I also thought there should have been some mediation on the mortgage debt for individual homeowners, perhaps by splitting the difference between the mortgager and ee. In other words, if the value of a mortgaged home plummeted by 40%, then the banks would have to take a 20% loss, the homeowner the other 20%. After all the banks were as responsible for the fiasco as were homebuyers. All in all, poor government regulation, which is often the case with Republican administrations. Greed needs to be curtailed by a watchful government eye. It is the most rampant disease among the capitalist classes, as the Marx said, and their manipulatin of the financial markets is legendary. The rest of us suffer the consequences.
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AGoodStory



Joined: 26 Feb 2010
Posts: 447

PostPosted: Wed Feb 15, 2012 3:10 am    Post subject: Reply with quote

Well said!
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geaaronson



Joined: 19 Apr 2005
Posts: 948
Location: Mexico City

PostPosted: Sat Feb 18, 2012 1:11 am    Post subject: Reply with quote

Hmm. Interesting. It looks now as if Santorum has a chance. I can see that it will be a brokered convention, once again, just like on the Democratic side back in `92. The question is still how much pressure will the centrist put on the TeaParty candidates to salvage a win for Romney? This is shaping up as a highly interesting race, but still Romney`s to lose even if his delegate strength is not as high as Santurum. Despite Newt`s future endorsement and possibly Paul`s as well, it will not be enough for Sanurom as the TeaPartiers will still sway their delegates to Romney with the better promises of positions. Romney is that much of an opportunist. I am sure he`s already plotting who he can flip in a pinch he`s got the more savvy staff.
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Prof.Gringo



Joined: 07 Nov 2006
Posts: 2003
Location: Paradise, Paradise, Paradise!

PostPosted: Tue Feb 21, 2012 10:57 pm    Post subject: Reply with quote

geaaronson wrote:
Hmm. Interesting. It looks now as if Santorum has a chance. I can see that it will be a brokered convention, once again, just like on the Democratic side back in `92. The question is still how much pressure will the centrist put on the TeaParty candidates to salvage a win for Romney? This is shaping up as a highly interesting race, but still Romney`s to lose even if his delegate strength is not as high as Santurum. Despite Newt`s future endorsement and possibly Paul`s as well, it will not be enough for Sanurom as the TeaPartiers will still sway their delegates to Romney with the better promises of positions. Romney is that much of an opportunist. I am sure he`s already plotting who he can flip in a pinch he`s got the more savvy staff.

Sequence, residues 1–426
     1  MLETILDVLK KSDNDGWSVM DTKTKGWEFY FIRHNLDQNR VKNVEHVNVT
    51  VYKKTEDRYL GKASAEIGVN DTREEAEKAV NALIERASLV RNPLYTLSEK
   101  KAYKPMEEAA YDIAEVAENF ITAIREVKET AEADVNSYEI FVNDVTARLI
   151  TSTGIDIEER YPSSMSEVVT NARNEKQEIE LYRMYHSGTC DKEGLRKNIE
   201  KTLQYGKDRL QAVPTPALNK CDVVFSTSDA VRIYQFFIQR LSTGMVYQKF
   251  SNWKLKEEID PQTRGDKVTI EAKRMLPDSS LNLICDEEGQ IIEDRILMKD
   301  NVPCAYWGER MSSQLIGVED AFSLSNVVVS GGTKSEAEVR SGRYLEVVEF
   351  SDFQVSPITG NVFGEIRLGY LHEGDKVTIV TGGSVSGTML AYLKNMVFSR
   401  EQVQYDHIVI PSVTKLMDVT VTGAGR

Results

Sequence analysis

I love watching a tight race, this opportunity only comes once every 4 years and I savor the moment~!
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choudoufu



Joined: 25 May 2010
Posts: 3325
Location: Mao-berry, PRC

PostPosted: Wed Feb 22, 2012 5:23 am    Post subject: Reply with quote

geaaronson wrote:
1) Bush was a businessman ....


yes, but a FAILED businessman.
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7969



Joined: 26 Mar 2003
Posts: 5682
Location: South China, by the sea.

PostPosted: Wed Feb 22, 2012 9:06 am    Post subject: Reply with quote

If Romney had to pay $4000 for a pizza he might understand how common folk live from day to day . . . .
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geaaronson



Joined: 19 Apr 2005
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Location: Mexico City

PostPosted: Fri Feb 24, 2012 12:38 am    Post subject: Reply with quote

Yes, Bush 2 was not only a failed businessman but he had used collateral twice over in getting loans. That`s a big NONO in business and the law. But of course when Daddy is VP, you can get away with anything, draft dodging, a snort or two, and who knows what else.
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Captain_Fil



Joined: 06 Jan 2011
Posts: 604
Location: California - the land of fruits and nuts

PostPosted: Wed Mar 07, 2012 3:44 am    Post subject: Reply with quote

Romney. Obama.

What's the difference?

Rolling Eyes


Last edited by Captain_Fil on Wed Mar 07, 2012 3:45 am; edited 1 time in total
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DebMer



Joined: 02 Jan 2012
Posts: 211
Location: Southern California

PostPosted: Wed Mar 07, 2012 3:45 am    Post subject: Reply with quote

Captain_Fil wrote:
Romney...

Obama...

What's the difference?

Rolling Eyes


Exactly.